Qatar’s World Cup sportswashing is democracies’ own-goal?


The FIFA World Cup from November 20 to December 18, 2022, will be played following years of serious migrant labor and human rights abuses in Qatar, Human Rights Watch said today, publishing a “Reporters’ Guide” to support journalists covering the Qatar World Cup.

The 42-page guide, “Qatar: FIFA World Cup 2022 – Human Rights Guide for Reporters,” summarizes Human Rights Watch’s concerns associated with Qatar’s preparations for and hosting of the 2022 FIFA World Cup and outlines broader problems with protecting human rights in the country.

FIFA’s decision to award the 2022 World Cup to the nation of Qatar stunned many who believed a Gulf city-state was incapable of hosting a global mega event. Their reactions underscore the wide-ranging assumptions analysts hold about what it means to be small, yet still exercise influence, in international affairs. A closer look at Qatar’s case reveals how rising authoritarianism and deepening internationalization are reshaping world politics in ways favorable to states of diminutive stature, says analyst Sarath Ganji.

Qatar’s vast investments, which span the value chain of sports, illustrate the ways in which states, especially authoritarian ones, are leveraging cross-border connections to advance their objectives— often to the detriment of their democratic, and even autocratic, counterparts. Qatar’s outsize influence offers policymakers a primer on the exercise of sharp power—and sports fans, a lesson in the practice of sportswashing, he writes for the Journal of International Affairs.

Last year, the Guardian revealed that about 6,500 workers from South Asia had died since Qatar was awarded the World Cup, the Post adds. But these deaths marked a blanket figure for all laborers and were not tied to World Cup projects. Qatari authorities have suggested that the worker deaths figure specific to the construction sites was about 38 people — though Amnesty International has called out Qatar’s failure to investigate most workers’ underlying cause of death.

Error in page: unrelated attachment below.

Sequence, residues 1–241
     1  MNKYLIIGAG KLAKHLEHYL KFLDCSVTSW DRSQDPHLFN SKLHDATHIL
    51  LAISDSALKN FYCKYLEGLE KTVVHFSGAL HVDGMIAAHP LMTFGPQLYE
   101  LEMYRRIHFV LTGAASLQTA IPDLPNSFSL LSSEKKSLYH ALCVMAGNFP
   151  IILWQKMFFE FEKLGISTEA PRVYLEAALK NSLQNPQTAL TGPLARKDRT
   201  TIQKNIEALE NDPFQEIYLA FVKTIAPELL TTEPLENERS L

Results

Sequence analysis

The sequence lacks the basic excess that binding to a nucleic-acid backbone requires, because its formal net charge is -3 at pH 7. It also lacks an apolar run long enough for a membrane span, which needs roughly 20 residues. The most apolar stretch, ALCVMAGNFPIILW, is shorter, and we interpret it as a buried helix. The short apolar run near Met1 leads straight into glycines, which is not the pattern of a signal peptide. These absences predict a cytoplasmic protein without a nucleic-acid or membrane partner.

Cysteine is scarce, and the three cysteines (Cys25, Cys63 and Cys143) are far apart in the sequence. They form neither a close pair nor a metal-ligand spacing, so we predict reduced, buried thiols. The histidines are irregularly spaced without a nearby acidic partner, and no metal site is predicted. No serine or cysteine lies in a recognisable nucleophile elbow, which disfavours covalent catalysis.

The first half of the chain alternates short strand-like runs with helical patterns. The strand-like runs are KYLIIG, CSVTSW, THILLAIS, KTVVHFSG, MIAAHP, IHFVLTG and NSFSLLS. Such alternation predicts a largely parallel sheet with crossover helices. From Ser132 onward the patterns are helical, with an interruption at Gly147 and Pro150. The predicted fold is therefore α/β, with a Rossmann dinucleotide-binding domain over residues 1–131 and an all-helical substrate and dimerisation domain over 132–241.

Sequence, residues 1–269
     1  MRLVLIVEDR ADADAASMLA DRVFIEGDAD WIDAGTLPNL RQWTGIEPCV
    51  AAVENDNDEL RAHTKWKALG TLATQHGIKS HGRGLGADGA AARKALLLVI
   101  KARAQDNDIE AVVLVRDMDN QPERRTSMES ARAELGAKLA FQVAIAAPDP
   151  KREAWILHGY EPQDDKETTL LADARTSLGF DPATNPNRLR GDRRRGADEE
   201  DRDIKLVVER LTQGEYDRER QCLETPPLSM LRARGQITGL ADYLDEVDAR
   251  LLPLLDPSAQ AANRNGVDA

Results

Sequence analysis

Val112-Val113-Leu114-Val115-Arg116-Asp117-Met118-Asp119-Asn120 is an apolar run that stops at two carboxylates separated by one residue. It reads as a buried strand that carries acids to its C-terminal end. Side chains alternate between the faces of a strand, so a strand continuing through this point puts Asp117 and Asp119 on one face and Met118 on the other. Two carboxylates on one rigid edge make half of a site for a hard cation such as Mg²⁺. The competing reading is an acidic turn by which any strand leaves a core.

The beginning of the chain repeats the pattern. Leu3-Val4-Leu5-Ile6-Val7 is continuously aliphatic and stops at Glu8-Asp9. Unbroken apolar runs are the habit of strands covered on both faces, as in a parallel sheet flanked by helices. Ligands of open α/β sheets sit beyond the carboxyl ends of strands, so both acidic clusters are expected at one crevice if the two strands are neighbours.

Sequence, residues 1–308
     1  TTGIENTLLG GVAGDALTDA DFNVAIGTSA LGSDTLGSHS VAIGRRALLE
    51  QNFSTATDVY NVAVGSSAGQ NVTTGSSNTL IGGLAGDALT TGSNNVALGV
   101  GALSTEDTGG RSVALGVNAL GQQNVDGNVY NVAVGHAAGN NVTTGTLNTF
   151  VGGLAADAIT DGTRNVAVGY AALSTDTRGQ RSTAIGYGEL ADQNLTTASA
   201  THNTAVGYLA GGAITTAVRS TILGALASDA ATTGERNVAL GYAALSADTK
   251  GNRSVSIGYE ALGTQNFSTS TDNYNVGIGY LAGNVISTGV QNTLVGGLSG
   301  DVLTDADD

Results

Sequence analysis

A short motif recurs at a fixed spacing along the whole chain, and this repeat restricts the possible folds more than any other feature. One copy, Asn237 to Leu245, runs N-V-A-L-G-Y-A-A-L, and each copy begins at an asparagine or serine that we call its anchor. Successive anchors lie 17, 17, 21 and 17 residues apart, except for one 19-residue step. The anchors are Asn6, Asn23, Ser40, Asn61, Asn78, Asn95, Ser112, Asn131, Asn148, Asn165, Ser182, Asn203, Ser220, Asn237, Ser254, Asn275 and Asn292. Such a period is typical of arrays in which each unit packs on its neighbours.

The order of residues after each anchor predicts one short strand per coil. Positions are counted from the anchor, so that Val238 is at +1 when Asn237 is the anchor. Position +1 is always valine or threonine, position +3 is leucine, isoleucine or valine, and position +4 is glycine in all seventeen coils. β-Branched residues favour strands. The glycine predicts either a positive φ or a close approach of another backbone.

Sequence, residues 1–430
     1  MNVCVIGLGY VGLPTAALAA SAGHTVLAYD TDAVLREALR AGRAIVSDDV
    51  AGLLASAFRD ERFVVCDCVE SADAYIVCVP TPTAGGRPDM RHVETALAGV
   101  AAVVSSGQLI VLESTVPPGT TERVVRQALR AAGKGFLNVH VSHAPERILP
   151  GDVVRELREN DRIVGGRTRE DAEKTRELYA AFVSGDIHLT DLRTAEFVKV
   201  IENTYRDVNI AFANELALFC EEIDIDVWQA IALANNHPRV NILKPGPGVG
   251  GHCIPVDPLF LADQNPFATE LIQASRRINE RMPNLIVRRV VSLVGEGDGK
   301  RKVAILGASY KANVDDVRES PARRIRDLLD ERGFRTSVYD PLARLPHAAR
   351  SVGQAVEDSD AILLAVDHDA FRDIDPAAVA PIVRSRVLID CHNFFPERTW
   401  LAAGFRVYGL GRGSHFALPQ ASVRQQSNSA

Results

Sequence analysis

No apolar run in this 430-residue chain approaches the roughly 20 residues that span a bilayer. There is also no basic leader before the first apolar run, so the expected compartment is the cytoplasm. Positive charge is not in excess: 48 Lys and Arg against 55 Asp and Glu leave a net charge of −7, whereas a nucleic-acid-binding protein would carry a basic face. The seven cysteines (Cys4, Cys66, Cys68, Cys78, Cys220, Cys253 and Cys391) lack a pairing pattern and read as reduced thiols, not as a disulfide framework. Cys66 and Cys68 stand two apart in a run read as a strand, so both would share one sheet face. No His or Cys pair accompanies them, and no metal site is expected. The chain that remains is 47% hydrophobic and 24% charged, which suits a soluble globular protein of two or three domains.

So what should open societies do to guard themselves against the disruptive practices of autocratic up-and-comers? asks Ganji, a former Penn Kemble fellow at the National Endowment for Democracy (NED). There are two lessons for observers of global autocracy, especially research analysts, sports administrators, and national policymakers, he writes for the SAIS Review of International Affairs:

  • The first is to use internationalization to evaluate the risks associated with particular sectors. Internationalization, as noted earlier, frames the opportunity environment in which autocrats exert global influence: sectors with weak governance structures and fragile financial ecosystems are more vulnerable to autocratic activity. Economic anxiety heightens these vulnerabilities; where cash-strapped democracies retreat, resource-rich autocracies advance. ….Similarly, national firms—including teams and leagues—can use internationalization as a ruler to measure the reputational, legal, and strategic risks associated with entering particular sectors or embracing particular autocrats.
  • Despite these risks, actors in open societies will continue to do business with autocrats.
    Therefore, a second lesson is to use internationalization to assess what leverage democratic actors actually hold vis-à-vis their autocratic counterparts. “Leverage” is frequently invoked or implied as justification for democrats to engage—and even extend opportunities to—autocrats. For over a decade, Qatar and its democratic boosters have cited the transformative potential of the World Cup as reason enough to downplay widespread reports of forced labor, human trafficking, and indefinite detention linked to the country’s construction and hospitality sectors. This line of argument is premised on exposure—that bumping elbows with liberal actors will force illiberal ones to change course.

Qatar’s sports empire alternatively shows that, as much as internationalization increases democrats’ chances to influence closed societies, it also multiplies autocrats’ opportunities to disrupt open ones, Ganji concludes. National firms and policymakers would do well to remember this—or else risk alienating democratic constituencies loathe to see their pastime reeling from an own-goal. RTWT


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